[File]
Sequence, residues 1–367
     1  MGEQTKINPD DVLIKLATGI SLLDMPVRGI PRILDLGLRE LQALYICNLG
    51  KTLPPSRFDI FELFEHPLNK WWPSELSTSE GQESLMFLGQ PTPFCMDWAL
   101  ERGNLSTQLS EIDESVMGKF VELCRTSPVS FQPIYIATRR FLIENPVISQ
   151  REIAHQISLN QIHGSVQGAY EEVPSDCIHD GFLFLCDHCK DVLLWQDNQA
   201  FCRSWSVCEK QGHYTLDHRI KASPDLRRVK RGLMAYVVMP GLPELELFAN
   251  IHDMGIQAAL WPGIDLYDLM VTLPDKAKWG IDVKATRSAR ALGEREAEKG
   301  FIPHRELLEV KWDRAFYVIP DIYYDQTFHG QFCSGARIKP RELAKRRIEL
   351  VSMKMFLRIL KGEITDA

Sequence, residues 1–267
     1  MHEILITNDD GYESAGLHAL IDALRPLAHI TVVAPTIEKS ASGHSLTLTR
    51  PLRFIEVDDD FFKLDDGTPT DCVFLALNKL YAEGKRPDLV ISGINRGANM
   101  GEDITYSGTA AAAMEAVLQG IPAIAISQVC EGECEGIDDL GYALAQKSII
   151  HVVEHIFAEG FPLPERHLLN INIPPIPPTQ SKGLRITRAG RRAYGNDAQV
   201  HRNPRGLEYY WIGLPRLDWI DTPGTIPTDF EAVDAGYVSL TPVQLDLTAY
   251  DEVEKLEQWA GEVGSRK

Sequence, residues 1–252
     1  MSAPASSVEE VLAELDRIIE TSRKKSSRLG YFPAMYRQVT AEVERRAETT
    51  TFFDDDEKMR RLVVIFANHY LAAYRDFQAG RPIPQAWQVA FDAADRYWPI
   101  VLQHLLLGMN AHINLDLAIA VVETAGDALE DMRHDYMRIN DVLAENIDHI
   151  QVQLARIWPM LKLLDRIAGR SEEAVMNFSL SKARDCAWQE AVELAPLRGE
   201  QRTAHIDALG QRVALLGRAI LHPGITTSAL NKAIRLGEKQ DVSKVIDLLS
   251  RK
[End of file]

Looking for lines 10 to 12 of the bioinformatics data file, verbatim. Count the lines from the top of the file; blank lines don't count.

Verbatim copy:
Sequence, residues 1–267
     1  MHEILITNDD GYESAGLHAL IDALRPLAHI TVVAPTIEKS ASGHSLTLTR
    51  PLRFIEVDDD FFKLDDGTPT DCVFLALNKL YAEGKRPDLV ISGINRGANM